Previous: Registered title conveyancing
Throughout previous pages, reference has been made to some of the different types of estate. Estates can be both legal or equitable, express or implied, or successive or concurrent. It has also been noted that the concept of the ‘trust’ arose from the crusades, where it was found that a property could be held on trust for a knight/soldier. To have his estate held on trust, a knight (the grantor) would surrender legal title to his trusted friend (the trustee). At common law, it would then be said that the trustee owned the property and had the right to dispose of it contrary to the knight’s intentions. However, the court of equity decided that in such an arrangement, the trustee would then hold the estate on trust for the grantor (also the beneficiary), such that although legally the house belonged to the trustee, the benefit of the estate was vested in the knight.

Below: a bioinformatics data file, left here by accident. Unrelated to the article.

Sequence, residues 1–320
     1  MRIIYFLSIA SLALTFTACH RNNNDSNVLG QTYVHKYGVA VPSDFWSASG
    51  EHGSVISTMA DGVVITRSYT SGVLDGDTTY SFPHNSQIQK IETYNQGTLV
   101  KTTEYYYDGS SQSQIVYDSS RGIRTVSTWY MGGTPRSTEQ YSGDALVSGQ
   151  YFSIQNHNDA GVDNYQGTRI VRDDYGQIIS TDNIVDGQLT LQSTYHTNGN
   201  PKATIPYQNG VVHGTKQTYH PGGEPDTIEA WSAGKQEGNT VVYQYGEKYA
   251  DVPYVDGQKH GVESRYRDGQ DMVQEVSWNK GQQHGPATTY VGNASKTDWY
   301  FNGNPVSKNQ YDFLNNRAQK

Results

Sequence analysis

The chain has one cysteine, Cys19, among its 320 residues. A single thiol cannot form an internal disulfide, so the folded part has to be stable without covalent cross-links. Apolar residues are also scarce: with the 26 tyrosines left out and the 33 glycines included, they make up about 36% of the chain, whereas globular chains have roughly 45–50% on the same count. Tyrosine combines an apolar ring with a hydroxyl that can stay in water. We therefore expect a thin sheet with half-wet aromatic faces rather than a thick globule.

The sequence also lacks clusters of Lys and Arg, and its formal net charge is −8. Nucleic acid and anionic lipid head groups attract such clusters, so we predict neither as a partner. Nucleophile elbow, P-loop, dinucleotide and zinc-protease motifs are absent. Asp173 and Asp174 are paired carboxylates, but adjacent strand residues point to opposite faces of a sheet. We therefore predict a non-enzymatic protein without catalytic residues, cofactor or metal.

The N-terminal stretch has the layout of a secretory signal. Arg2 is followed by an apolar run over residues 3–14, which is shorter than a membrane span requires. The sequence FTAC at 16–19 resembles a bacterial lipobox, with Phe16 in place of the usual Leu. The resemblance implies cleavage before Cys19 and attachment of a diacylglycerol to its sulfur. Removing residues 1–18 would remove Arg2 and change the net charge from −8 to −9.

Historically, land could be held on trust in the form of a trust for sale under the Law of Property Act (LPA) 1925, or as part of a strict settlement under the Settled Land Act 1925. Trusts for sale will be considered later, however, the Trusts of Land and Appointment of Trustees Act (TOLATA) 1996 almost entirely replaced these trusts with the concept of a trust of land. Today, wherever a legal estate can be found, an accompanying equitable estate can be said to exist...
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